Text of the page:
From interior design to personalized super heroes, there was no shortage of action in the latest episode of Shark Tank. In case you missed the action, here’s what went down:
First into the Shark Tank were Madeline Fraser, Elizabeth Grover and Beatrice Fischel-Bock, the women behind ZOOM Interiors. The ladies entered the Shark Tank seeking a $100,000 investment in exchange for 20% equity in their company. ZOOM Interiors aims to make interior design accessible and affordable by offering online design consultations and services for a variety of budgets. ZOOM users are first given a free 15-minute consultation. Then, they work with a designer to perfect their mood board and room design before they’re given a ZOOM cart with their final inventory and floor plan to complete the transformation. To date, the company has grossed $186,000, but the women will net only about $3,000 at the end of the year. The Sharks’ immediate concern is the free initial consult, but the ladies respond that they’re hoping to program their business model to take out the initial man hours. While they’re hopeful that a Sharks’ investment will help them build an app, Mark laughs off the $400,000 app quote they received. As they girls’ ship starts sinking, they offer that “they’re really young” and “they just graduated three week ago.” But for the seasoned Sharks who have seen much younger entrepreneurs succeed, their plea falls on deaf ears. They even mention their willingness to get part time jobs while working on the business, which is also met with disapproval from the Sharks. Still. real estate mogul Barbara sees something in ZOOM and offers the women $100,000 for 33%, which they accept. Deal!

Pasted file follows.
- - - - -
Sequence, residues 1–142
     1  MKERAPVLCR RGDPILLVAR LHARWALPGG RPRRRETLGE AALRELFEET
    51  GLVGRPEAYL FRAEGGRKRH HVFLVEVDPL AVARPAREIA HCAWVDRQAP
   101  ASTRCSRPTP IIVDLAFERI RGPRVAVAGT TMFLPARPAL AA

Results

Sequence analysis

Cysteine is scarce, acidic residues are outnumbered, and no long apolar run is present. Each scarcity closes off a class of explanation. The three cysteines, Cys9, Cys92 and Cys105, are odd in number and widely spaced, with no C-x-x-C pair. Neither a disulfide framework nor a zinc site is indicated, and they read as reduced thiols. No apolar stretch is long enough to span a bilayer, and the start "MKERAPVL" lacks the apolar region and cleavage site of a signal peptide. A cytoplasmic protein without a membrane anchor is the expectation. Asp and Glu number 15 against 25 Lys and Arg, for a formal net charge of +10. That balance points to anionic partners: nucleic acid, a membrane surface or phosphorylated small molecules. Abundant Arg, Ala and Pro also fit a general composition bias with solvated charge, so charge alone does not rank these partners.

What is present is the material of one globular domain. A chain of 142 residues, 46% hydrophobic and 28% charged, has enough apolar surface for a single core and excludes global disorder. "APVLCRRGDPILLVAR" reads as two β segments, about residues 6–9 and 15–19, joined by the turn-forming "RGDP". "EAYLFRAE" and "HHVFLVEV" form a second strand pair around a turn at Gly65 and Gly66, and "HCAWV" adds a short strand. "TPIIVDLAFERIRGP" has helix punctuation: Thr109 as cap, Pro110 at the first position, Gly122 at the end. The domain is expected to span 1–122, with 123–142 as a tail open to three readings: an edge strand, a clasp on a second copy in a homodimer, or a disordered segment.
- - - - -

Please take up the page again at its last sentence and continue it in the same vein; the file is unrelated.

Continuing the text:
Earlier in Season Six Shark Tank fans were introduced to Squatty Potty, a solution for the problem you might have never known you had. Squatty Potty aims to help with proper alignment while you well, squatty, hoping to give you an easier time at the potty. Since making a deal with Lori, Squatty Potty hit $1 million in sales in 3 days, and has now cruised past the $12 million mark since appearing on the show. Congrats team!
Next into the Shark Tank are Josh Kaplan and Tony Fayne, hoping to make a deal with their screen spray booth company, Sunscreen Mist. The guys entered the tank seeking a $400,000 investment in exchange for 15% equity in their company. Sunscreen Mist is a company specializing in spray booths that will cover users in a mist of sunscreen. The company offers both booths and spraying stations which are meant to be installed in hotels/resorts, theme parks, zoos, outdoor festivals, or other outdoor venues. The cost per use is $1-5, depending on where the booth/station is installed. The Sharks aren’t immediately impressed by the idea, but the guys continue with their pitch. The have two business models; one through exclusive distributors who buy and rent out the machines, and a second model where they work directly with large corporations (MGM Grand, for example). When Mark tries to ask more probing questions about their online marketing, the guys either skirt the questions or offer answers that do not impress Mark. With none of the other sharks seeing the sunny side of this deal, Sunscreen Mist leaves the tank without an offer.